Jun 092019
 

“Could grogue be the next clairin?” asked Dwayne Stewart in a facebook post the other day, when he and Richard Blesgraaf were discussing the Vulcão, and his respondent (you could almost see him smile) replied with a sort of yoda-like zen calm, “Clairin is clairin.”  Which is true. Because beyond the superficial similarities of the two island nations – the relative isolation of the islands, the artisanal nature of their juice, the mom-and-pop rural distillation of the spirit far away from modern developments or technological interference – the truth is that you could not mistake one for the other. At least, not those that I’ve tried.

Take, for example, the subject of today’s review, the Vulcão grogue, which is nowhere near as ominous as its name suggests.  If you have previously tried one of the four main Velier-distributed Haitian clarins (the Sajous, Vaval, Casimir and Le Rocher), marvelled at their in-your-snoot take-no-prisoners ferocity and taste, and took Dwayne’s question to heart, you might be expecting some kind of long-gestated uber-strong clear xenomorph hammered out of Vulcan’s forge, that threatened to melt your tonsils.  But it’s not. In fact, it’s closer to an off-beat agricole than anything else, and a particularly good one at that.

Even at 45% – which is practically tame for a clear rhum these days — the Vulcão smelled lovely, and started off with brine, thyme-infused water and lemon sherbet poured over a meringue cake. After five minutes or so, it also gave off scents that were creamy, salty, olive-y, with a dusting of white chocolate and vanilla, and as if impatient to continue, belched out some additional fruity whiffs — watermelon, pears, white guavas and bananas. There were also some odd minerals and ashes and iodine (not quite medicinal, but close), with overtones of sugar-water.  

Short version – a yummy nose, and fortunately, it didn’t falter on the palate either. It was strong, and quite dry, unusual for a cane-juice based rhum (last time I had something so sere was years ago, with the Flor de Cana Extra Dry white).  The brine and olives really came out and made an initial statement here, and combined with the sweeter elements with impressive control and in well-nigh perfect balance, making for a worthy sipping rum by anyone’s standards. With a drop or two of water came white fruits, flowers and sugar water, all of which were the slightest bit tart.  And as if all that wasn’t enough, there was a light creaminess of butter pastry, Danish cookies and anise hanging about in the background, reminding me of the freshly baked croissants Mrs. Caner so loves to have in Paris. The finish is rather subdued, even faint – perhaps we should not expect too much of 45% but after that nose and that taste I sort of was, sorry, and even though I noted almonds, toblerone, sugar water, nougat, pears, ripe apples, it seemed a bit less than what had come before. Not shabby, not bad…just not up to the same standard.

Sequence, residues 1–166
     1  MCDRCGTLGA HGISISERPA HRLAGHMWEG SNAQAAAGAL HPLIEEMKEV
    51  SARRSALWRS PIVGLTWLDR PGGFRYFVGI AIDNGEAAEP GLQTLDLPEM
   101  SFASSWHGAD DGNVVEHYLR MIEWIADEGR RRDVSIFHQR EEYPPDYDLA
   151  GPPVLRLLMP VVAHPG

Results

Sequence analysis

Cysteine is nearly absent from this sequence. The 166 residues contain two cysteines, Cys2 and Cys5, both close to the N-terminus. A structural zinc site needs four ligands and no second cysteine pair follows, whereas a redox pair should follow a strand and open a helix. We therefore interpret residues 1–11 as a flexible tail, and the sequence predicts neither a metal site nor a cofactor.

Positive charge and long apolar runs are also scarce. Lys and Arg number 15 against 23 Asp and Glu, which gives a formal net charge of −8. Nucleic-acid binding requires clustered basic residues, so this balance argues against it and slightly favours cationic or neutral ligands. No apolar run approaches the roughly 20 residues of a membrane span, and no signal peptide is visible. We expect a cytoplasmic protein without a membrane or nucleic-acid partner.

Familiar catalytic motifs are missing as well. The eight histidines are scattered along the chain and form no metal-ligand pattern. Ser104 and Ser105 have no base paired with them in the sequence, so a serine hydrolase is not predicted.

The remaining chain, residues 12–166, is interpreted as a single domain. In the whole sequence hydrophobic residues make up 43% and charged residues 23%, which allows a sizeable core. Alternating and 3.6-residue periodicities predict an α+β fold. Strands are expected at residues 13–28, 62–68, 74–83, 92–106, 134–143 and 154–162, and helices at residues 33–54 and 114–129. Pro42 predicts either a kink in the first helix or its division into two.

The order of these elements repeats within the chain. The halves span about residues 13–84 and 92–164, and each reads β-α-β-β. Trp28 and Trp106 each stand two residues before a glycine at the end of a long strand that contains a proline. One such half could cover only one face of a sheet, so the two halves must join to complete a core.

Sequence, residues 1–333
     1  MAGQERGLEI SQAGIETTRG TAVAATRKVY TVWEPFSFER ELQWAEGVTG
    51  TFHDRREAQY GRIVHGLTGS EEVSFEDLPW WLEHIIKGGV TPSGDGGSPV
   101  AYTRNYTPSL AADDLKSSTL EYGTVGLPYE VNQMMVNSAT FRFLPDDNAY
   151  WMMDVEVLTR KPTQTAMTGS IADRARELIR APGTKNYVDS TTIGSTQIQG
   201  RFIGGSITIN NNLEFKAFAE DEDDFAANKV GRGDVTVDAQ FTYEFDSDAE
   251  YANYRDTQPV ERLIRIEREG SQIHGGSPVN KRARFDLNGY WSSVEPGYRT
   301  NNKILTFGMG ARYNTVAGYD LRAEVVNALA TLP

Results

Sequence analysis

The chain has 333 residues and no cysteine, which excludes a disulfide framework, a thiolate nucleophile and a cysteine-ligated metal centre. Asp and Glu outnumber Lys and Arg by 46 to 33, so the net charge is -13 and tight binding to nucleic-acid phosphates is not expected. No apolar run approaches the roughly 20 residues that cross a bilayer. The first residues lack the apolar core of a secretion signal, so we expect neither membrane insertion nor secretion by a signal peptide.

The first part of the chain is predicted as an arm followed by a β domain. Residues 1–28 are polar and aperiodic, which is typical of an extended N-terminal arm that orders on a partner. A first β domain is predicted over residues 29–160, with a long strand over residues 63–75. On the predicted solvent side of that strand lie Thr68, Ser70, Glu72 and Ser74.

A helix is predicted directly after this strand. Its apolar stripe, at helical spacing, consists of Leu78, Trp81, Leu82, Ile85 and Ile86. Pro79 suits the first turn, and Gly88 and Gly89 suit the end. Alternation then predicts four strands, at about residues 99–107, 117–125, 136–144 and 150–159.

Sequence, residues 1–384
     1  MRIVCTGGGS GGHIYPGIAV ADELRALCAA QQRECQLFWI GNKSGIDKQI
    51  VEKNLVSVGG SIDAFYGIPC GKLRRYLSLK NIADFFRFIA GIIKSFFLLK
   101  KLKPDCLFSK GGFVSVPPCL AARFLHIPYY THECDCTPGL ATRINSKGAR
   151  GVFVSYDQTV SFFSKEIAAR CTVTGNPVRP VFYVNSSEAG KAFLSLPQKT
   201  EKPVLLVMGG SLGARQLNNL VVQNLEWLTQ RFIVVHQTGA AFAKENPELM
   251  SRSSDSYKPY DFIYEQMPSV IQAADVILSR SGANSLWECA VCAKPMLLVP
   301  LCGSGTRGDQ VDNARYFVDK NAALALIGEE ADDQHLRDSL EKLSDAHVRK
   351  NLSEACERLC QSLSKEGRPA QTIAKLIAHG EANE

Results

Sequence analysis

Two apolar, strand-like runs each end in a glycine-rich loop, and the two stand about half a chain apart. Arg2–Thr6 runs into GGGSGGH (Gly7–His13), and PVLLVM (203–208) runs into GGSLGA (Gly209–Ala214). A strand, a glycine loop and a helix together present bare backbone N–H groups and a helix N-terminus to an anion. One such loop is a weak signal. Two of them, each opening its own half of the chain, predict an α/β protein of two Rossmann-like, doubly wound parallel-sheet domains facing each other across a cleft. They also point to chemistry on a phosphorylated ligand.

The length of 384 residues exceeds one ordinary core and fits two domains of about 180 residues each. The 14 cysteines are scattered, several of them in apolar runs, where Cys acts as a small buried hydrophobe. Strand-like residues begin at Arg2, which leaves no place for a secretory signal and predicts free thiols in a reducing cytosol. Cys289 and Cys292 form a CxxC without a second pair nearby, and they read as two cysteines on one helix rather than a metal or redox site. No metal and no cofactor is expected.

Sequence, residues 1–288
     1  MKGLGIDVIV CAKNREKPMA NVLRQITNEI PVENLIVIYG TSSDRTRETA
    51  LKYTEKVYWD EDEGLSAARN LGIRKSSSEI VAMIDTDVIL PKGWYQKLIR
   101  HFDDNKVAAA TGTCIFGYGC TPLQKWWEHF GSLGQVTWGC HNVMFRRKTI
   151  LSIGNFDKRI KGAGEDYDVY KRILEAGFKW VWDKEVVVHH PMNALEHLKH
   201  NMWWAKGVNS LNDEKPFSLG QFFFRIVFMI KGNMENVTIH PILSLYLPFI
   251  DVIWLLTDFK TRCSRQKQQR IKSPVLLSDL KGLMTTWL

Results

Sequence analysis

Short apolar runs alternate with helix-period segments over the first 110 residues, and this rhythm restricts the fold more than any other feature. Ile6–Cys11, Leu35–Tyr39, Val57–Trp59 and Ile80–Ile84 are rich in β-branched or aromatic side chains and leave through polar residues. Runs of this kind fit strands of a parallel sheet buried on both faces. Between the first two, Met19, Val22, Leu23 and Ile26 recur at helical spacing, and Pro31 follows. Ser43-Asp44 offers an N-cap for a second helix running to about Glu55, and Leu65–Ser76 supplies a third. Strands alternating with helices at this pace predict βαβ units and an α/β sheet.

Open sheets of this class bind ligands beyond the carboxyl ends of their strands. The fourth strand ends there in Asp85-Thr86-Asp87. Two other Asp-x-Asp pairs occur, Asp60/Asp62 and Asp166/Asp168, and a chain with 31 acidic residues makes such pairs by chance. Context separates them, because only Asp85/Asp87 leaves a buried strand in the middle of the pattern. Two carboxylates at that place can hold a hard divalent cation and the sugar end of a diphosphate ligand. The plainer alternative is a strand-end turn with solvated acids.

Anyway, finish aside, the development and movement the rhum displays on the tongue is excellent, first salt, then sweet, then creamy, well-balanced and overall a remarkable drink by any standard. It remembers its antecedents, being both a fierce and forceful rhum…but is also a nicely integrated and tasty sipping drink, crisp and clear, displaying a smorgasbord of contrasting, even competing, yet at all times well-melded series of sweet and sour and salt flavours in delicious harmony. Sip or mix, it’ll do well in either case.

So, to answer Dwayne’s perhaps rhetorical question with respect to taste and production details, my own response would be “Not really.” While grogues are a fascinating subset of rums, an intriguing branch on Yggdrasil (The Great Rum Tree), they are too different — too elegant, maybe — to really be classed with or as clairins.  They do share some of the same DNA: fresh cut cane juice and wild yeast fermentation (for ten days) and no ageing, for example, but also go in their own direction by using pot stills (as here) not columnar ones. What comes out the other end, then, are terroire-driven white rums with a character all their own, with this one, one of the best I tried in Paris, absolutely worth trying, and close to being an undiscovered steal.  In the sense of that last statement, now that I think about it, I’d answer Dwayne differently…and tell him that they’re exactly like clairins.

(#631)(85/100)


Other notes

  • I’ve put some feelers out regarding the company that makes it, and if/when/once this is received the post will be updated with some more factual background info.
  • Back label translation: The island of Santo Antao in Cabo Verde is undoubtedly one of the first cradles of cane spirits. Before rum or cachaca, it has been unchanging for hundreds of years. Distilled in ancient pot-stills made from pure cane juice, this rum ancestor is an extraordinary witness of the past.

 Leave a Reply

You may use these HTML tags and attributes: <a href="" title=""> <abbr title=""> <acronym title=""> <b> <blockquote cite=""> <cite> <code> <del datetime=""> <em> <i> <q cite=""> <s> <strike> <strong>

(required)

(required)